Youth aging out of foster care recently had a chance to learn more about navigating real-life experiences during an annual Independence Day Youth Conference hosted by BCFS Health and Human Services' Tyler Transition Center.
As part of the conference, which, according to a news release, is designed to "to equip them (the youth) with the knowledge, tools and inspiration to transition successfully to independence and adulthood," individuals were divided into groups, with each group representing a different life scenario, such as incarceration, homelessness, finding an apartment and going to college. With a survival guide in hand, they then had to pretend they were in that particular scenario.
Program director Carla Sash called it, "Playing the game of life."
Ms. Sash said there are those undecided youth who, when they get ready to leave foster care, aren't sure what they want to do because they haven't been exposed to information, or are fearful of being out on their own. Then, she said, there are other youth who indicate that they kind of know what they want, but have to experience what they say they want.
So they must experience going to college, filling out a college admissions application, navigating the financial aid process, paying dorm fees and ensuring that they have enough food in the dorm since they won't have the support that most have, Ms. Sash said.
She said there also are those youth that say they want to work and live on their own, and they must experience apartment hunting and paying their bills.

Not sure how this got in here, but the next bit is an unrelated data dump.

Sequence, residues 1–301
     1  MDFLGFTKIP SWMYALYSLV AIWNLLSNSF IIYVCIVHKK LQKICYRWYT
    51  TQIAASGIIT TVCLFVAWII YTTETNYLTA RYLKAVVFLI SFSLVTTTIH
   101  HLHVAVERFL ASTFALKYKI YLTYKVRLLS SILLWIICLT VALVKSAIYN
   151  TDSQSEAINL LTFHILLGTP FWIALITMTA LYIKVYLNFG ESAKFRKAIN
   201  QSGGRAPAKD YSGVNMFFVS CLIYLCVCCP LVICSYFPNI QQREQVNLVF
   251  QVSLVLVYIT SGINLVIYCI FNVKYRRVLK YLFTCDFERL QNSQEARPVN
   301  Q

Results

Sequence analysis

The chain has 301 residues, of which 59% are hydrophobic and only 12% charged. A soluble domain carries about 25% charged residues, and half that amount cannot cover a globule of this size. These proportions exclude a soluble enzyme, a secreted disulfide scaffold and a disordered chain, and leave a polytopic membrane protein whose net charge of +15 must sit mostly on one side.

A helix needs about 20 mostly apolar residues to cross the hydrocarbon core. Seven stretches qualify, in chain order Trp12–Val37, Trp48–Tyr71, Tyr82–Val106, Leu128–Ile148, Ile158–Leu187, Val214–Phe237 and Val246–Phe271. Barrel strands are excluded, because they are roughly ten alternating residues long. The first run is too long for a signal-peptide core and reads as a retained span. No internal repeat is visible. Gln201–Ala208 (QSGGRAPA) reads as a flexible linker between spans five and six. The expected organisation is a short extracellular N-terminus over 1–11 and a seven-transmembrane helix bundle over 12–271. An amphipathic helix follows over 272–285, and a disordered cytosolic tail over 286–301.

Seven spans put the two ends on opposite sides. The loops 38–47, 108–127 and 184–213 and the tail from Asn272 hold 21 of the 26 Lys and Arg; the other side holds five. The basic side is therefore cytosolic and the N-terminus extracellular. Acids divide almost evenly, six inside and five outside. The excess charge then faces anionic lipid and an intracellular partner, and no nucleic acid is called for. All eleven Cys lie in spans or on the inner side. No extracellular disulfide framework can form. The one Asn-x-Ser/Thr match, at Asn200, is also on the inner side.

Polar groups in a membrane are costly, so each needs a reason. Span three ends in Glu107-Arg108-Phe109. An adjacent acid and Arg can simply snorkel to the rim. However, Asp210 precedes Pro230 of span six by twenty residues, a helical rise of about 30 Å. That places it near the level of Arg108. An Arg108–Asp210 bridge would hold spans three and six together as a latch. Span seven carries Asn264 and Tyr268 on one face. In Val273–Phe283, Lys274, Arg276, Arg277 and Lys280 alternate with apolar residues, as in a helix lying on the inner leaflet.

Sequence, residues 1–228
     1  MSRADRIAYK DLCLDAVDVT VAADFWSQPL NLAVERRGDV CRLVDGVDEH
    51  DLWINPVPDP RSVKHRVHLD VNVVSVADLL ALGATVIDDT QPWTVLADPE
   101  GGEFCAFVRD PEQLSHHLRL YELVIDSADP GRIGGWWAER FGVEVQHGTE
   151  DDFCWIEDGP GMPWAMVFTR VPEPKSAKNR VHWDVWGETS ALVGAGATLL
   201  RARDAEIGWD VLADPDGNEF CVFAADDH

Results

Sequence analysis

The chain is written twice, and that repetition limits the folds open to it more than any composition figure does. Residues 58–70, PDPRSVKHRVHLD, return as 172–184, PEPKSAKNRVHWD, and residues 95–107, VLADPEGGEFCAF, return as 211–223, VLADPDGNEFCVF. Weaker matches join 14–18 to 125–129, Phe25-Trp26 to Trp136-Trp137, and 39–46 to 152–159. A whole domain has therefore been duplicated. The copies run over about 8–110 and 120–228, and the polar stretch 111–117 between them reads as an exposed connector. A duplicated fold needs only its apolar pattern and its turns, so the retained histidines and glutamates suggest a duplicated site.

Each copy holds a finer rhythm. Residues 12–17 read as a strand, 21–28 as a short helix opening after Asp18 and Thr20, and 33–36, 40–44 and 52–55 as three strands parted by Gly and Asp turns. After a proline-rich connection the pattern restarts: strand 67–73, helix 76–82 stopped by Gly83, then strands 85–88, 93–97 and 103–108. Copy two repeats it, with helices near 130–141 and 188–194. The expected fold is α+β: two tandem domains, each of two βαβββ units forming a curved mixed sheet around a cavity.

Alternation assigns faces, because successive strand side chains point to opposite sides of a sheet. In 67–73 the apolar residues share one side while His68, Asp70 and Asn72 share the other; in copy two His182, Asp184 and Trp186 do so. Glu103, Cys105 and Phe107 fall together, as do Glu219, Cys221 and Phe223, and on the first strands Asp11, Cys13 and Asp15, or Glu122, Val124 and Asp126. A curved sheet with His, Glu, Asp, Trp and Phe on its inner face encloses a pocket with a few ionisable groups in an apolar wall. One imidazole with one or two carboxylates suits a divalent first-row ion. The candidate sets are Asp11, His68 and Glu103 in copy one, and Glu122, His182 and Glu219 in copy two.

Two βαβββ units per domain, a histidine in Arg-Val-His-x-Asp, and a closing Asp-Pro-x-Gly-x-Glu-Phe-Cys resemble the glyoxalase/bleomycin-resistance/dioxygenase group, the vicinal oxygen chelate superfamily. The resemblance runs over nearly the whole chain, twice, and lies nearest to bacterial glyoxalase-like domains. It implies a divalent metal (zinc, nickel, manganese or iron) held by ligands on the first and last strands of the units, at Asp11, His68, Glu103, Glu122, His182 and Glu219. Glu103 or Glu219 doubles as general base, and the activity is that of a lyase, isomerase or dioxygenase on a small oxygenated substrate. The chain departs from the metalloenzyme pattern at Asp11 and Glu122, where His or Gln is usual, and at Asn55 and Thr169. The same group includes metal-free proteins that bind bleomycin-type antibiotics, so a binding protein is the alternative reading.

"So we try to expose them to the reality," Ms. Sash said.
She said most of the youth are 17, so the goal is to open their eyes to what they can expect when they get ready to leave foster care, depending on what decision they make, or they are undecided, what could happen.
The conference, which took place Wednesday at the Rose Garden Center and drew about 80 youth, ages 16 to 21, also was scheduled to include breakout sessions. The conference theme was "Setting Sail to Independence."
Yvonne Paris, director of communications for BCFS Health and Human Services, said attendees learned about things, such as getting into college, applying for an internship, how to get good credit, housing and how to access the Preparation for Adult Living program to receive benefits.
"These youth, when they age out of foster care, they don't have the same traditional support system that a lot of youth have. They don't necessarily have a mom and dad to ask, ‘How do I get in my first apartment?' or ‘How do I get my first car?'" Ms. Paris said.
"Those can seem like insurmountable obstacles, so the transition center serves as a support system and helps connect them to resources and information to help them."
Once youth age out of foster care, they can still return to the transition center for help, Ms. Paris said.
She said they also contact the center with good news — for example, when they have a good job, moved to a new place or have achieved their dreams.
"This is just another event to get them set up, get them ready to go," Ms. Paris said.
One of the youth at the conference was 18-year-old India Williams, who lives in a group home in Marshall.
Ms. Williams recently graduated from Marshall High School and plans to attend Texas State Technical College. After that, she said she might attend Texas A&M University-Commerce. Her ultimate goal is to become a social worker.
Another attendee, Sebastian Lewis, 18, lives in a group home in Tyler.
He said he wanted to learn how to manage his money and would like to do Culinary Arts in the future.